BENGALURU, KARNATAKA, INDIA
FASCINATING TO READ
While searching your archives online, I came across an article on Goa (Oct/Nov/Dec 2011). It was fascinating to read and I’ve learned a lot. It was new information for me that Goa has a majority of 65% Hindu population despite such savage methods used by Portuguese Christian and Muslim proselytizers. We Hindus never believe in forced conversions and the attempts by Islam and Christianity have little effect on India’s Hindus. It speaks for the truth of the Hindu faith and the resilience of its followers.
GETTYSBURG, PENNSYLVANIA, USA
TRAVERSING OUR PERSONAL PATHS
This is in response to the letter, “Guidance Needed” (July/Aug/Sept, 2013). Like the author, I am an admirer of HINDUISM TODAY magazine and also a gay Hindu. However, unlike the author, I disagree that the modern gay Hindus’ only options are to live dishonestly, become a monk or resign to drugs and promiscuity. This sad letter indicates someone who is, as he admits, lost. For that my heart goes out to him.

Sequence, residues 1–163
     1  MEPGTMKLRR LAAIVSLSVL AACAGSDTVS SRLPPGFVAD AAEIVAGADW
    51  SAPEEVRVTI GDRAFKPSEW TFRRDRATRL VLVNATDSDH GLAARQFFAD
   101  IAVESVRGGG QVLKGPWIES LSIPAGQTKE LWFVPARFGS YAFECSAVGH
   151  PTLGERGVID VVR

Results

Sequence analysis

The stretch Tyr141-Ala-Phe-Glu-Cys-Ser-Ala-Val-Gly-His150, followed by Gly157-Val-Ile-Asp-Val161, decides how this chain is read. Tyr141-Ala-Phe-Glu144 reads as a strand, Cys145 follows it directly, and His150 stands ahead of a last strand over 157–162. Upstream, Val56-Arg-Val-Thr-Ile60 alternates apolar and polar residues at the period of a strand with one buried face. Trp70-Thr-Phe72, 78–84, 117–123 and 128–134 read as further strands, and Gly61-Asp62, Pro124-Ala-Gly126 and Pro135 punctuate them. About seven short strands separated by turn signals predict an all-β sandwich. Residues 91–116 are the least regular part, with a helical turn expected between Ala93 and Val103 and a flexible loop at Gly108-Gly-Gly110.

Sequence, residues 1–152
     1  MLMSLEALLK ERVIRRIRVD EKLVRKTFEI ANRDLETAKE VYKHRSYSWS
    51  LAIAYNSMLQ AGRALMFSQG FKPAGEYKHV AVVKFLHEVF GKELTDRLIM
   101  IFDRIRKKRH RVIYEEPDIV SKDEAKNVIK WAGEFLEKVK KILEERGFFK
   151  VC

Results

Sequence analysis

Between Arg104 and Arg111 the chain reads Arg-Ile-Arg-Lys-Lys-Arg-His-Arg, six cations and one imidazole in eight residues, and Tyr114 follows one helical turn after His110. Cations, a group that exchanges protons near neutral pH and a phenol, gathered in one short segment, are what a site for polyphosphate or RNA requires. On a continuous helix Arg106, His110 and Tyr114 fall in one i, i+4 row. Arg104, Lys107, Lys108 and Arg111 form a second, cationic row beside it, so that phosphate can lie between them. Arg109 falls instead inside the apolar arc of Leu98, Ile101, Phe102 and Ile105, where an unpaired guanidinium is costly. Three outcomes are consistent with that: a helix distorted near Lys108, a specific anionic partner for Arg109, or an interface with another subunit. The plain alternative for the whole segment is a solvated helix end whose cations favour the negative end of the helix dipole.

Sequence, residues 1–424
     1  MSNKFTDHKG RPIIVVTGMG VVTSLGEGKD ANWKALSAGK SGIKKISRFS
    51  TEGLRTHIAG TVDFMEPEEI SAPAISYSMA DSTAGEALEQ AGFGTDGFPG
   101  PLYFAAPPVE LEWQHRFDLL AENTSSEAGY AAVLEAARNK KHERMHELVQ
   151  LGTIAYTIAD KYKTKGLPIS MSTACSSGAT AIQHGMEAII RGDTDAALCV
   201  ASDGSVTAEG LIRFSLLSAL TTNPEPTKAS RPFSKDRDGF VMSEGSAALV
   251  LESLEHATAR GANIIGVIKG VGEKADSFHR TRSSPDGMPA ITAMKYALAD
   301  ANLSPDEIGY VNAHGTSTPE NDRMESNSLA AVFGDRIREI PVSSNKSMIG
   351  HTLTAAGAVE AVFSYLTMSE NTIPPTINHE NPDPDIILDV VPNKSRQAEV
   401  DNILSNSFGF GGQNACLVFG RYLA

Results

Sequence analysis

I am an American, gay, male, Hindu, hardly out of my twenties, and I live a dharmic life that is satisfying. My work in this life has meant owning my personal karmas and making great effort to direct those karma’s responsibly, while personally monitoring my sadhana as best I am able. None of us is truly lost, but until we choose our own path and actively begin our journey with dharma, we’re likely to feel lost. You must begin moving on your own to get going anywhere. Waiting for someone to support you in the way you expect will likely mean much wasted time.
Many of my Indian friends have parents who are very traditional and believe that anything gay is a creation of Western culture. Knowing this isn’t true, and knowing that some of Hinduism’s own myths and scriptures affirm non-hetero-normative unions, it’s my sincere hope for all Hindus, not just the author and those like him, that a respected and widely read beacon like HINDUISM TODAY will recognize the need of our gay Hindu brothers and sisters, and respond with compassion and support.
FISHERS, INDIANA, USA
The issue on Kumbh Mela (April/May/June) has been stunningly spectacular. Your editorial team did a remarkable job.
SECUNDERABAD, ANDHRA PRADESH, INDIA
CELEBRATIONS OF VIVEKANANDA